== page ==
Sander Lak on his Mother, and Finally Feeling at Home

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Sies Marjan S/S19Courtesy of Sies Marjan

In the wake of a personal S/S19 collection, the designer behind Sies Marjan talks about persuading his mother to walk the show

Sander Lak, the designer behind New York-based label Sies Marjan, will not be found listing inspirations to journalists backstage at his shows. Not because he is evasive, nor because his collections appear from thin air – rather, for Lak, who won the CFDA award for emerging talent in June, a collection begins simply: the colours he likes, pinned on a board, and swatches of fabric. Those colours – which are most often vibrant, and have come to characterise his work – may be plucked from Lak’s memory. As was the case for one particular orange and pink coat, which only afterwards did he realise matched the shades of the Dunkin’ Donuts logo.

This season though, notable for a resolutely grown-up approach and pared-down colour palette (if just slightly – a men’s suit in hot pink remained, so too an electric red bowling shirt and shorts worn by Presley Gerber) Lak began his S/S19 offering with something more tangible: his father, who passed away when the designer was young. Drawing from recollections and photographs alike, the collection, in his father’s memory, became his most personal yet. “I realised halfway through the process that a lot of the choices I made were related to things that related to my dad, like what he used to wear, related to my upbringing, related to my state of mind,” he tells AnOther. “It became like a therapy session.” 

In practice, this was purposefully ambiguous – the various riffs on cargo pants and nautical stripes were the only overt reference to his late father in the collection, and evoked a pair of utility shorts and Ralph Lauren striped polo shirt he would wear while living in Saudi Arabia – Lak preferring the collection to “stand on its own”, prompting reaction whether or not those viewing it knew the story behind it. “It also is a little bit random in a way, but it makes sense in my head,” he says. “I didn’t want to filter that too much, I didn’t want to try too hard to have it make sense.”

Instead, the collection came to more broadly reference the idea of “home”, something Lak admits he has had little concept of – his father’s work saw the designer spend his childhood in Brunei, Central Africa and Scotland before studying at Central Saint Martins in London, followed by design tenures in Paris and Belgium – until now, in New York, where he has spoken of feeling finally settled. “Having that feeling of home, which was always a foreign concept to me,” he says, “it probably made me want to put a closure to certain things.”

A memorable – and fitting – addition to the show was his mother, who walked alongside Lak’s friends, colleagues and models Anna Ewers, Malgosia Bela, Kaia Gerber and Debra Shaw among others, women the designer has long admired. Here, he tells AnOther how he convinced his mother to take part – and how she made the day entirely her own. 

“I’ve always had this idea to include friends and family and people I love in my work. When Sies Marjan started we did ‘The Girlfriend Project’ with Nigel Shafran, where he shot my friends in the clothes; these people that I love and that I’m familiar with. But we never really did it in our shows – for that we’ve always done it in a more traditional way, with models. And I love models, so I never wanted to reject that, but I really felt like I wanted to add something more personal to it this time. I thought it made a lot of sense to put my mum in it – this collection was so about my dad, who is not alive anymore. It would make sense that the tribute would also involve my mum.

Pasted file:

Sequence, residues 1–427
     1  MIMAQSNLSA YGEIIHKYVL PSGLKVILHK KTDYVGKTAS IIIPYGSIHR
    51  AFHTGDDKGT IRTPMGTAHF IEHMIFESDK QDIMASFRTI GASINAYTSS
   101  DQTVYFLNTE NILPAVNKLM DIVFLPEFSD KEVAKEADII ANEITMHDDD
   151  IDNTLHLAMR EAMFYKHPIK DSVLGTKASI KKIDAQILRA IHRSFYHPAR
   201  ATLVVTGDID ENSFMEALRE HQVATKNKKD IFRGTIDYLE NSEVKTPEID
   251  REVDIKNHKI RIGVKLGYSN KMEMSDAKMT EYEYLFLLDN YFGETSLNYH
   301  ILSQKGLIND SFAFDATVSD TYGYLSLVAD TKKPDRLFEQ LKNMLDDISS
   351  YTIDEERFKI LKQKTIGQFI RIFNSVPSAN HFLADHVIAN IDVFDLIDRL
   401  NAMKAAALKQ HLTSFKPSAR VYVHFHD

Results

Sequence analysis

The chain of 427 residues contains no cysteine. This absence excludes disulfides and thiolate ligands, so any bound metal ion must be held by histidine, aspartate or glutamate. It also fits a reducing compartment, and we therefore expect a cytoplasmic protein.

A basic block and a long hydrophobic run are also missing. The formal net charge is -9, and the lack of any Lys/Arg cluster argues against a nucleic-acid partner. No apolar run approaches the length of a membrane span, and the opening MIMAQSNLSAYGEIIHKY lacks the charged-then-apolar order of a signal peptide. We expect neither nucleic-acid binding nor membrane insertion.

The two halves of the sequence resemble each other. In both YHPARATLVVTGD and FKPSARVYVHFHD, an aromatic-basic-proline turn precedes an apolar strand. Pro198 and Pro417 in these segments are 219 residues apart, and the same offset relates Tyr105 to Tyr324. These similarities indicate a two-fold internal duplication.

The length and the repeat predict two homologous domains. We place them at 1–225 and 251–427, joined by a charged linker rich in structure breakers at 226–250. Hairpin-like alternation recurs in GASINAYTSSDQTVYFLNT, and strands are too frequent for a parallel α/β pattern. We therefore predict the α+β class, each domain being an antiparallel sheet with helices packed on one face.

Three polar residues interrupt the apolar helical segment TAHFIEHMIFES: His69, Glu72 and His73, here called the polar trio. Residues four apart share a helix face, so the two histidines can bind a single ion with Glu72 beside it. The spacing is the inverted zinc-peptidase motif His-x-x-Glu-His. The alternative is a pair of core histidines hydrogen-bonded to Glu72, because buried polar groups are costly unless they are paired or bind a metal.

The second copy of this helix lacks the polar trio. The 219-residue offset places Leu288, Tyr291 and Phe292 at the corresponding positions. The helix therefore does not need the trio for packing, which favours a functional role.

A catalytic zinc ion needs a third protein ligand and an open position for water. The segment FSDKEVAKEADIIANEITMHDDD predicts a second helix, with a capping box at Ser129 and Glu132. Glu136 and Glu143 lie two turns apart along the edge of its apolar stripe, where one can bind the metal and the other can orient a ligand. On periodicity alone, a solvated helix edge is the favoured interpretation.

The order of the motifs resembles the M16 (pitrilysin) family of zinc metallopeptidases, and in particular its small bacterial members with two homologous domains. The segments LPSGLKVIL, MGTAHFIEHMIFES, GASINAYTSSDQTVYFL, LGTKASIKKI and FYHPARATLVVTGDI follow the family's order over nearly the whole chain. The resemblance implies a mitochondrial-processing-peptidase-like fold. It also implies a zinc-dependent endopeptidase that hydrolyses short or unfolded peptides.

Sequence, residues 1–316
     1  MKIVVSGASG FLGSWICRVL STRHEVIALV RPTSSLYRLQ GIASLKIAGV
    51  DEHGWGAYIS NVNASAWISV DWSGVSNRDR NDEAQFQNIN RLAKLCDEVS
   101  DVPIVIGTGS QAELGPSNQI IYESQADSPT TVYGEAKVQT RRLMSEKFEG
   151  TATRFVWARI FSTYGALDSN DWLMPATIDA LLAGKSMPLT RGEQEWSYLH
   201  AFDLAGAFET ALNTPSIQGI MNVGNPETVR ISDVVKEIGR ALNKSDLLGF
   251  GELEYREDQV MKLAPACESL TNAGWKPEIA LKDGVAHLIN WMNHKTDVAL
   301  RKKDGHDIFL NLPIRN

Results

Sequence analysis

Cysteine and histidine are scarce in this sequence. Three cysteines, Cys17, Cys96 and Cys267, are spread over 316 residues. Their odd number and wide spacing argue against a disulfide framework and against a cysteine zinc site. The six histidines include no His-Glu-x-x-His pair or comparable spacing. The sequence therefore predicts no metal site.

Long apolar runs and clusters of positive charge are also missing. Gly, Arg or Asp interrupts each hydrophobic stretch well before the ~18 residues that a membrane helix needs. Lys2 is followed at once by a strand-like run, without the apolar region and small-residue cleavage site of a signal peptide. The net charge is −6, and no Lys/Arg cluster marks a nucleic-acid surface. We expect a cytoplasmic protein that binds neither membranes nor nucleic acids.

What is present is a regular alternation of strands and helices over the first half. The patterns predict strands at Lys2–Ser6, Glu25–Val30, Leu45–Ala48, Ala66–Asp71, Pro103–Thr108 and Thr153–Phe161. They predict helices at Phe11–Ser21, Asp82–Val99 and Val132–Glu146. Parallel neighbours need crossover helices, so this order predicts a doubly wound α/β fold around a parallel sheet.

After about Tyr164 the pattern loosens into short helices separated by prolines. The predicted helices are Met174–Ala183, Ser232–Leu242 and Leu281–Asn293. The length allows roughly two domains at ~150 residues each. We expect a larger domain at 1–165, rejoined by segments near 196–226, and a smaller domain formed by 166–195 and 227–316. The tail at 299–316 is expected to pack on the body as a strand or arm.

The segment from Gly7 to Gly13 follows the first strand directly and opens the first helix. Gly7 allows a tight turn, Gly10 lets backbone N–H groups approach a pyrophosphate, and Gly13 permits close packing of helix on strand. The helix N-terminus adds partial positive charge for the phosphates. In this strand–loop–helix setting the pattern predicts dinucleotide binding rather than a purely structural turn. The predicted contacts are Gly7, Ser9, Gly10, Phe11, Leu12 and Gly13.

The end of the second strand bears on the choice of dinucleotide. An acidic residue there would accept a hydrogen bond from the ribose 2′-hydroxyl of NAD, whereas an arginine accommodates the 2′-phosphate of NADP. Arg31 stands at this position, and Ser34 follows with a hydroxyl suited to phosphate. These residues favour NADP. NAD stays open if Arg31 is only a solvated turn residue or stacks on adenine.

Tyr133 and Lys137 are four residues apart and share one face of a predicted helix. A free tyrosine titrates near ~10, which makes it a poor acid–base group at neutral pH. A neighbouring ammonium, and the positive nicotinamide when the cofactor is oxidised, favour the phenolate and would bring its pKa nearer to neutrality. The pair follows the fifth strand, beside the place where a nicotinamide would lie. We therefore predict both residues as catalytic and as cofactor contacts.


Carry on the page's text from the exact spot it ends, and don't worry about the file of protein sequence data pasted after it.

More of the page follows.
“So that’s kind of how it went. Everyone really wanted to do it. It was a very special moment. For my mum it was obviously a very special moment too, and I didn’t tell her the whole story of what the collection was about because I didn’t want her to feel the weight of it. She needed to actually walk on the catwalk, and I didn’t want her crying her eyes out! I explained it all at the end, afterwards. In the soundtrack we used an REM song at the end, which was my dad’s favourite song before he passed away. What’s nice is that only a small, inner circle understand that. But if you don’t – which is 99.9% of the people who will see the work – it means it still has a feeling, the sensibility of something very personal.

“When I asked my mum to be in it, I think she had felt it coming. I think she felt something in the air. I had always worked my way towards it! When she tried the actual outfit on, that’s when it started becoming real, and then she got nervous. Then we did a hair and make-up test and got more nervous. But on the day itself, she was fine – she was introducing herself to everyone as my mum, and was owning the room, and everyone was cheering. It was totally her own show. 

“That, combined with friends and people I work with all being part of it meant it was really beautiful – it wasn’t just another show, it was a celebration of all of us. My work is my life and my life is my work and it all kind of comes together. It feels like I am home now, and I’ve lived so many places that it feels new to me to say that. It’s like a feeling of first love.”